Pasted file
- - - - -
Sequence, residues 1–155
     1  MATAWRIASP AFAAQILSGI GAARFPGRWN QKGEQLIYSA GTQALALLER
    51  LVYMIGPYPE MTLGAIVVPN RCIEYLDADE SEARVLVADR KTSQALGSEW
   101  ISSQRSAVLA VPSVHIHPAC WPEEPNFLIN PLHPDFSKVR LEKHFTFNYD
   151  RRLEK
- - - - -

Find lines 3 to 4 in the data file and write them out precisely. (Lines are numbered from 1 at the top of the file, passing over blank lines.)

    51  LVYMIGPYPE MTLGAIVVPN RCIEYLDADE SEARVLVADR KTSQALGSEW
   101  ISSQRSAVLA VPSVHIHPAC WPEEPNFLIN PLHPDFSKVR LEKHFTFNYD